Tustin High’s Chemo Girl

Cancer — A six letter word that has the ability to leave even the toughest people speechless, and after watching Tustin High School perform “Chemo Girl and Other Plays” I can see why.

 The Little Theater was packed on Friday, March 28 as everyone hurried to find an open seat for the last night of “Chemo Girl.” The crowd was so big that folding chairs had to be placed in the aisles to fit the audience inside. Excitement buzzed with murmurs and whispers of the crowd until, at long last, the lights dimmed. Mrs. Lloyd, the drama teacher at Tustin High, gave a quick thank you to the crowd and took time to introduce the writer of the play, Christian Kiley, and the founders of MaxLove, a charity foundation for children with cancer, both of whom were in attendance that night. The crowd clapped their welcome, and with that, the lights fell and the play began.

In the first play, Alondra Lucatero played Holly, a girl with an imaginary friend. Her imaginary friend named Lucy, played by Anabel Carillo, personified her chemotherapy treatment and how it both hurt and helped her. Alondra Lucatero’s interpretation of Holly was masterfully done. Her quick wit and fluid transition through Holly’s rapidly changing emotions was excellently countered by Anabel’s ability to portray a character with never ceasing optimism in the face of struggle. The side effects, played by Hayley Difede, Joseph Adams, Kristina Barrett, Anthony Henderson, Natalie Stieler, Daphne Rosas, and Sol Guanes showed a shocking reality of chemotherapy effects. Their performance is hallowing, and the audience could practically feel the panic that set in on Holly.

 In the second play,  the scene falls on five teenagers in a waiting room. Sol Guanes’ character, Faith opens the play, being her general overly happy self. Hayley Difede, who’s character is openly gruff and violent, loves to pick on Faith. The banter between the two actors is fabulous, but the real interaction seems to come between Hayley and Jonathan Deprosse. Jonathan’s character is an introverted geeky type, and spends the whole play setting up Hayley for jab after jab at his interests. Kristina Barrett, who plays a girl who discovers that her cancer clock is ticking, shows us her true colors as she pours her soul into the anguish of facing death at such a young age. Anthony Henderson plays a boy whose clock has already reached zero, and his ability to connect so naturally with Kristina and her struggle left the audience speechless.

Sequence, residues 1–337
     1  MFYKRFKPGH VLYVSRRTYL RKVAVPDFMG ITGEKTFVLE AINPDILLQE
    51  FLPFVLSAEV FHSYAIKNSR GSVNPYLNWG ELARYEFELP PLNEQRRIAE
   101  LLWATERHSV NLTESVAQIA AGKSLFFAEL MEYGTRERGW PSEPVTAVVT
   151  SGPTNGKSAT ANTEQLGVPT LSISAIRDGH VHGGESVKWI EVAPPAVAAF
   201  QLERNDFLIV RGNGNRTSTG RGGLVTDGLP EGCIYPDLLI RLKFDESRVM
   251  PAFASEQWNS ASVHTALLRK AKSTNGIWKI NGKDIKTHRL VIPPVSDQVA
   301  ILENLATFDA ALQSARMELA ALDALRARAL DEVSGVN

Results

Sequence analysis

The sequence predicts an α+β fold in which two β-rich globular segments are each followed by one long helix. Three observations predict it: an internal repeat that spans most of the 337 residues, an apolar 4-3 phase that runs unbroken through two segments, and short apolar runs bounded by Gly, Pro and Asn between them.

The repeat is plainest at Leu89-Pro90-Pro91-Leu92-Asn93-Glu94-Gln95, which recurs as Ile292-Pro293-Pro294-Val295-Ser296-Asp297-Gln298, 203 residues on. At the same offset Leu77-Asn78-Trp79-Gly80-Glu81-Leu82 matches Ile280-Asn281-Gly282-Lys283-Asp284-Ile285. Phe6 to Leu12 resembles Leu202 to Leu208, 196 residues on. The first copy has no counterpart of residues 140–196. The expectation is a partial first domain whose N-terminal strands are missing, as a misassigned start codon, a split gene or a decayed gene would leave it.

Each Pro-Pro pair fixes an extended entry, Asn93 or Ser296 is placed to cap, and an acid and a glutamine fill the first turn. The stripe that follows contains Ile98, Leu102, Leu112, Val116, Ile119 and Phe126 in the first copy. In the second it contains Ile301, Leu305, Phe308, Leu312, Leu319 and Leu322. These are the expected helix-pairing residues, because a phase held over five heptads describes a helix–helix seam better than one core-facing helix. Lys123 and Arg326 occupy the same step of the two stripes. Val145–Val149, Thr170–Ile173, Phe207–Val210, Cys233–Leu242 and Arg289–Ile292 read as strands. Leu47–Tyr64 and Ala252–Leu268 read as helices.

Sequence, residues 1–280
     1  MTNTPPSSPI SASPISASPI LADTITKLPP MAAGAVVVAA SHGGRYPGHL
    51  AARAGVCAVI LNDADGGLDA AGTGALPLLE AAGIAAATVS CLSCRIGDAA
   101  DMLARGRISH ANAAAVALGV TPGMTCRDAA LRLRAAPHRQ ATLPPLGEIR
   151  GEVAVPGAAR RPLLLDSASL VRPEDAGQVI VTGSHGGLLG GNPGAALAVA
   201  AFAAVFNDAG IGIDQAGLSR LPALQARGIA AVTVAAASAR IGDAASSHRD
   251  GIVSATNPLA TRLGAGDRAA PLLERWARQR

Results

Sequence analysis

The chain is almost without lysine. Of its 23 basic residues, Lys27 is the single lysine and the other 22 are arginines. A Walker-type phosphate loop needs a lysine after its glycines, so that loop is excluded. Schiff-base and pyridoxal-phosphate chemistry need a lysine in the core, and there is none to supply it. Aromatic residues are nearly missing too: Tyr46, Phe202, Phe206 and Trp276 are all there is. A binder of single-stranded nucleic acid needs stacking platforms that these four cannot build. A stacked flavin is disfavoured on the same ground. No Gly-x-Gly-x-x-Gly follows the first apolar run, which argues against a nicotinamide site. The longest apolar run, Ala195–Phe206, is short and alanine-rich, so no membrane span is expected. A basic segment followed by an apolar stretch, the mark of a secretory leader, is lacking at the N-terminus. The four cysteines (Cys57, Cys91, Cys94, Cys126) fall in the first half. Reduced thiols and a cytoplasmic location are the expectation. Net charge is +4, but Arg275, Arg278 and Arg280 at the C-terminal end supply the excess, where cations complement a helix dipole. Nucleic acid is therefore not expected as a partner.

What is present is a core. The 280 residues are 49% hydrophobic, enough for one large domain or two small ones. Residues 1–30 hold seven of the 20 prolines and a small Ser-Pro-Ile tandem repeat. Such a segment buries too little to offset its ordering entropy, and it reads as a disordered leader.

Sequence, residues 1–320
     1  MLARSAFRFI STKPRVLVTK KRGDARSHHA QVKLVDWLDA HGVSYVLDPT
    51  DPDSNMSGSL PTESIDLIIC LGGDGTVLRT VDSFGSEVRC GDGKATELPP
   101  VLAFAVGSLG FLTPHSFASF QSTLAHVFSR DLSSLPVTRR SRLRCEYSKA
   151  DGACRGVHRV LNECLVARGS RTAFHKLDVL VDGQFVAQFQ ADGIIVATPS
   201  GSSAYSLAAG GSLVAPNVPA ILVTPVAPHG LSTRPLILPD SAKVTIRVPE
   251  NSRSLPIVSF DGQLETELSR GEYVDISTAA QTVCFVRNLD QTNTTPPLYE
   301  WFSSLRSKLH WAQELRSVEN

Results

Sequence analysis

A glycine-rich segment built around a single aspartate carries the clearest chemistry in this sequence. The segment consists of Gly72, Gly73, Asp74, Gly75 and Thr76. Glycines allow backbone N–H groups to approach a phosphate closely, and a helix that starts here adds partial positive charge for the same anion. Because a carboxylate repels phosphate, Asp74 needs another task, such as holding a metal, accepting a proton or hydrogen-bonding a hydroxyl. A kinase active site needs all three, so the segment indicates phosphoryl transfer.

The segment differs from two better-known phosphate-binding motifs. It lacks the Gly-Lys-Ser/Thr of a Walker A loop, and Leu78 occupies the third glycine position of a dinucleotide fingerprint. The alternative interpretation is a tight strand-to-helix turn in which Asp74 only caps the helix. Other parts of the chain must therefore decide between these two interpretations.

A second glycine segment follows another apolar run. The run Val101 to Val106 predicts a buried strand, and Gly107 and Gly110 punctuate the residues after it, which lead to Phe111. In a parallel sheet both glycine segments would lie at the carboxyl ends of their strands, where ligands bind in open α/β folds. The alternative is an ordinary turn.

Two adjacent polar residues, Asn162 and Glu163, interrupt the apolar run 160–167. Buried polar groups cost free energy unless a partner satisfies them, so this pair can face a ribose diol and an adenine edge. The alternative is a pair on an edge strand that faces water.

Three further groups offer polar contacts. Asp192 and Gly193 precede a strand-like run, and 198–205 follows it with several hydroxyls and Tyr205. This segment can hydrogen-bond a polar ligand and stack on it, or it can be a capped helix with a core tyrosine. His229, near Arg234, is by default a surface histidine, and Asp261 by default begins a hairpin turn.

In the third play, Juan Romero plays a father and husband with cancer. His son Tommy, played by Joseph Adams, loves his father. Joseph’s ability to meld himself seamlessly into such a young character is truly astounding. Natalie Stieler seems to resent her father from the beginning of the play, but as time wears on, Natalie skillfully reveals her true feelings of fear without ever saying so. Jacqueline Resendiz seems to fit into the maternal parent character naturally. She plays a woman far older than herself excellently, and it left some of us wondering how old she really is to be able to portray the maturity she did. Each of the characters had their own memory moment with Juan, and he could not have performed better. He was the sporty father, the romantic husband, and the emotional connection for each of them, and he was the final piece that brought many members of the audience to tears, especially as he walked away to his “healing forest” leaving his family behind.